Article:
Nora knew that two things contributed to a successful romcom: writing and casting. And hers were wry, knowing, and urbane, yet drenched in the unabashed optimism of the Golden Age classics of her youth. She created strong woman characters who could stand up to the men in their lives, and show them a thing or two. For example, Sally turning the tables on Harry, and acting out a fake orgasm in a deli in “When Harry Met Sally.”

Nora truly believed in the possibility of love between equals, and it was important to her to infuse Sally Albright, Annie Reed, and Kathleen Kelly with a voice — and jokes — as strong as the male lead’s. Why should the guys have all the fun? Nora created worlds in which anything, and everything was possible — worlds that we all still want to live in, and we return to again and again.

W&H: How did you come to land on the three films that you chose to highlight from her career?

EC: “When Harry Met Sally,” “Sleepless in Seattle,” and “You’ve Got Mail” are a trilogy of romantic comedies that represent Nora’s best and most enduring work, and through which her muse, Meg Ryan, played an instrumental part. These movies are her legacy, with “Julie & Julia” runner-up — because Meryl, Stanley Tucci … butter!

Sleepless in Seattle

W&H:You did a great deal of interviews for this book. Which women in her life did you know that you had to talk to and were there any women who did not want to speak to you?

EC: I knew that I absolutely had to speak with Delia Ephron, Nora’s sister and collaborator who worked with her on “Sleepless” and “You’ve Got Mail.” Delia told me she was the “guardian” of the sisters’ scripts, namely that Nora trusted her to protect the integrity of their screenplays during the filmmaking process. Delia had crucial insight into Nora’s vision and working style. I was lucky to interview her.

Meg Ryan, meanwhile, proved a challenge — just when I thought her publicist would connect me for an interview, she went radio silent even though Tom Hanks, her beloved colleague, had spoken with me. At the time, “Star” magazine had done a series of unflattering covers of Meg, and it appeared that she felt burned by the media and potentially even talking to journalists. Who can blame her? However, rather than Meg give me PR-approved soundbites about her own legacy in romantic comedy, it was more fascinating to put together a portrait of her based on my wide-ranging interviews with the folks who could speak openly and honestly about her transformation from ingenue to leading lady in the span of “When Harry Met Sally” to “Sleepless.”

W&H: I loved reading about Nora’s relationships with different men in Hollywood during the course of her career. Can you talk about these relationships, and particularly any sexism in the film industry that she faced during the course of her career?

EC: Nora was married three times. Her first husband was the comedy writer Dan Greenburg, whom she divorced amid the feminist movement that shook things up in the 1970s; her second was Carl Bernstein, who, together with Bob Woodward, linked Watergate to President Nixon. Bernstein left her for another woman while she was pregnant with their second child.

That experience traumatized and humiliated her — but she had the last laugh when she wrote the juicy novel “Heartburn,” a thinly veiled account of the demise of her marriage to Bernstein. That book, of course, became the movie with Meryl Streep and Jack Nicholson; Bernstein did not want this movie to get made, though he reportedly loved that Jack, the hottest movie star of his day, was playing a fictional version of Carl.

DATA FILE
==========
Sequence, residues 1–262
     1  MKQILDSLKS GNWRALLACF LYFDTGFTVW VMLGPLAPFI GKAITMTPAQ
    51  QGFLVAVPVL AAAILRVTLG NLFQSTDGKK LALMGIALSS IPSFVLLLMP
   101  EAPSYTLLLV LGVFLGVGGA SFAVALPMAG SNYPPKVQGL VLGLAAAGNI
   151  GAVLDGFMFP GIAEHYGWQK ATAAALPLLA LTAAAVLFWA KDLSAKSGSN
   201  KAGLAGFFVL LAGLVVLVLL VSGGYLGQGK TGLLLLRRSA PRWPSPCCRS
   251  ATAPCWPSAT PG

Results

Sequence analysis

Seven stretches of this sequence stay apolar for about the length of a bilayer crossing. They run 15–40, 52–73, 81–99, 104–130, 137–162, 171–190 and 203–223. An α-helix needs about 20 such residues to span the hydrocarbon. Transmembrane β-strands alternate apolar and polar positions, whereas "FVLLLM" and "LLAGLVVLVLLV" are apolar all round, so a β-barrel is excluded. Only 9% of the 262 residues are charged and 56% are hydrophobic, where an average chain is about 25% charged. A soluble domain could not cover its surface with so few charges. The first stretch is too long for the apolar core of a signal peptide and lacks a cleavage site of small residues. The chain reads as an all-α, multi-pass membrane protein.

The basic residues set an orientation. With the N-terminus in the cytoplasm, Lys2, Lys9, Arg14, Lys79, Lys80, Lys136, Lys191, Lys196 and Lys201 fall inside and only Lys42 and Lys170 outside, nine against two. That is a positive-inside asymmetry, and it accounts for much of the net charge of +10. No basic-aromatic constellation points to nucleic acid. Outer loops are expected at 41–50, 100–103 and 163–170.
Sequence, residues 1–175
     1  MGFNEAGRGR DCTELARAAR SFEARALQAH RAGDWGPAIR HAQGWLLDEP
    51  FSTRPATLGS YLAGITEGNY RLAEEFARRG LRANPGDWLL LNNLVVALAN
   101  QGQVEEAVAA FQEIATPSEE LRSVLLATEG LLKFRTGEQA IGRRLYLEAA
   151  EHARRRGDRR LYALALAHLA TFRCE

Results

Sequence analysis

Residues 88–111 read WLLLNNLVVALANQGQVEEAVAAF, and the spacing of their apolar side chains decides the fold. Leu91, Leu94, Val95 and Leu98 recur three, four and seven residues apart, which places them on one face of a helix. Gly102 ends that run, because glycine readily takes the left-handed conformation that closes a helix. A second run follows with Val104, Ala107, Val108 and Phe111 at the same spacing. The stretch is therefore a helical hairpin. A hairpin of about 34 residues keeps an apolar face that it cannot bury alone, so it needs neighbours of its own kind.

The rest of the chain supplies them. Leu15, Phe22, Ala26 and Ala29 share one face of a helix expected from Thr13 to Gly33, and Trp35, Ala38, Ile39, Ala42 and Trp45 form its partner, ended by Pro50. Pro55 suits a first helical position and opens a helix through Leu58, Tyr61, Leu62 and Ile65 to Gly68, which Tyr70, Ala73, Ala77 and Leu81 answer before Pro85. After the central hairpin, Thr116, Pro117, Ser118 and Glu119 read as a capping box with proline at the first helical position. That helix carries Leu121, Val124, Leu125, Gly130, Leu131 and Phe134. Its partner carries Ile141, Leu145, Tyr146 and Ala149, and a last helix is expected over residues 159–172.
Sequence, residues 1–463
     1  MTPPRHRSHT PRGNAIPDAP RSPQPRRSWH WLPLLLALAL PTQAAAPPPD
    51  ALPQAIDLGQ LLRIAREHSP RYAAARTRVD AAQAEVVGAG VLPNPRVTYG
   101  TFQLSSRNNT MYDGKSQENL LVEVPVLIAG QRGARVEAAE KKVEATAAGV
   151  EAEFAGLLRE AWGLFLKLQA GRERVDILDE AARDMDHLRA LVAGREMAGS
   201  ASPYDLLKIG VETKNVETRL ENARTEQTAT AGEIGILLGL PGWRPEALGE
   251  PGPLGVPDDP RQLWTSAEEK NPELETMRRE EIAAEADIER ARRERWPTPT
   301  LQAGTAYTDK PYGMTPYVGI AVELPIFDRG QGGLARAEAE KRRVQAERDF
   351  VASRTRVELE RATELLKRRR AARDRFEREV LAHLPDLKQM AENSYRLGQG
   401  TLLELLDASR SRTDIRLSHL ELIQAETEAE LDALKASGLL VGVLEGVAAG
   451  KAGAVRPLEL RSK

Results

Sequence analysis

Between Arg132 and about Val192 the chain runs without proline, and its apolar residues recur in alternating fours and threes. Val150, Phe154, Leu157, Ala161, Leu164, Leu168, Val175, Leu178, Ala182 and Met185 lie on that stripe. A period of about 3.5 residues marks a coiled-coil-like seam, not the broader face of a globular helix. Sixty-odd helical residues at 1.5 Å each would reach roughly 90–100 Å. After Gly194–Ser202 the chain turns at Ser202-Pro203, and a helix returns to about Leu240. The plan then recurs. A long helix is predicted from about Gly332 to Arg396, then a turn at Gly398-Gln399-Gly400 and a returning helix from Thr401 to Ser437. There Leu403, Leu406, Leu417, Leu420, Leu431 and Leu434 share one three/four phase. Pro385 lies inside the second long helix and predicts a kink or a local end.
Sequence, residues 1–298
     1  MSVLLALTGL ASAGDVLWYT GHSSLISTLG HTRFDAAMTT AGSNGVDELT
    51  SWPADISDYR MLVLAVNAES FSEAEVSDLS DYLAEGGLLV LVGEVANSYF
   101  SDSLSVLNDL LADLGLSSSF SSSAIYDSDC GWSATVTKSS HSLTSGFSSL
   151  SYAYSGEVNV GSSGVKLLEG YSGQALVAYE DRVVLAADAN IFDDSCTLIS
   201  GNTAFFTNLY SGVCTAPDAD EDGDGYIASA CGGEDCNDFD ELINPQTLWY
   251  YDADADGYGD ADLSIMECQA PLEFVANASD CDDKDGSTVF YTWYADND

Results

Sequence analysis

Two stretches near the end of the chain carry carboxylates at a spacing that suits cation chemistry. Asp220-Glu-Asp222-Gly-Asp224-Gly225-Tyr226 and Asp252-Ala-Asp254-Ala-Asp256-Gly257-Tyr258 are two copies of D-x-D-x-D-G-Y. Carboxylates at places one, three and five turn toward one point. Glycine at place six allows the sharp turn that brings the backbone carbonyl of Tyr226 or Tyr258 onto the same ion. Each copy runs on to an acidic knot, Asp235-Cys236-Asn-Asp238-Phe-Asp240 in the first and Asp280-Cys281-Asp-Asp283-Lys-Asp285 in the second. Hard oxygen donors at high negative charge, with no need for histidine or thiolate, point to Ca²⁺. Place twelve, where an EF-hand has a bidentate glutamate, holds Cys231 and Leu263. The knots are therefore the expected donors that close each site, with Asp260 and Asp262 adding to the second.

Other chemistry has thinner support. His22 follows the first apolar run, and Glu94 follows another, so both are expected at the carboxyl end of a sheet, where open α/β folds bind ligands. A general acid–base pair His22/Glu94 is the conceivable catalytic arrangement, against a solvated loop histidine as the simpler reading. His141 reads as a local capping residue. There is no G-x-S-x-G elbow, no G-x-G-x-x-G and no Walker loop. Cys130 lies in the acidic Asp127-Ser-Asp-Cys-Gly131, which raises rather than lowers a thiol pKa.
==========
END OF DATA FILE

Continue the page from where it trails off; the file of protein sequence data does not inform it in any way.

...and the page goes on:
Several years later, Nora married Nick Pileggi, her third — and best — husband. Pileggi is a “famously nice guy,” as Nora has written, and renowned for his reporting on the Mafia. He wrote the book which inspired Martin Scorsese’s “Goodfellas.” More importantly, he adored Nora and relished in her success, rather than harbor resentment toward it.

But you’re asking me about Nora’s relationships with men in Hollywood! Well, she and “When Harry Met Sally” director Rob Reiner were pretty tight. He trusted her and believed in her talent and gave her the credit of associate producer on his movie; even though he had a hand in co-writing the script for Harry and Sally, Nora received the sole credit as the screenwriter, as well as the only Oscar nomination for anyone involved with the film. That says a lot about Rob. He’s a mensch, with a strong mother.

Rob appreciated Nora and her contributions and what she brought to the character of Sally as well as her keen social observations and killer one-liners. They understood each other as comic writers and as the children of parents who were successful in showbiz. With Nora, Rob saw an equal. It is utterly mystifying to me that he still believes that men and women’t can’t be friends — how, then, could Nora continue to work in Hollywood and be friends with men like Rob, or Mike Nichols, or Tom Hanks? That is the great irony.

When Harry Met Sally

W&H: What did you learn about women’s roles in Hollywood while writing this book?

EC: It’s still a man’s world, with shitty roles for women and a dearth of directing opportunities. Like Nora, if women want to create movies and TV series centered on female characters, then they will need to write and direct material they originate and cultivate themselves.

W&H: Which modern women in Hollywood have been greatly influenced by Nora?

EC: Funny you ask: Since Lena Dunham was mentored by Nora, and is a hugely talented writer-director in her own right, people want to categorize Lena as the new Nora. She’s not. Lena is open and unfiltered where Nora was self-possessed, always aware of the boundaries between people.

If I had to choose a Nora heir, it would have to be Tina Fey. Tina led “Saturday Night Live” for years before “30 Rock,” and the two women share a similar arch, self-deprecating sense of humor and B.S. detector that have won them zillions of female fans. Plus, they set their movies and TV shows in New York, capturing the endless idiosyncrasies of the Greatest City in the World.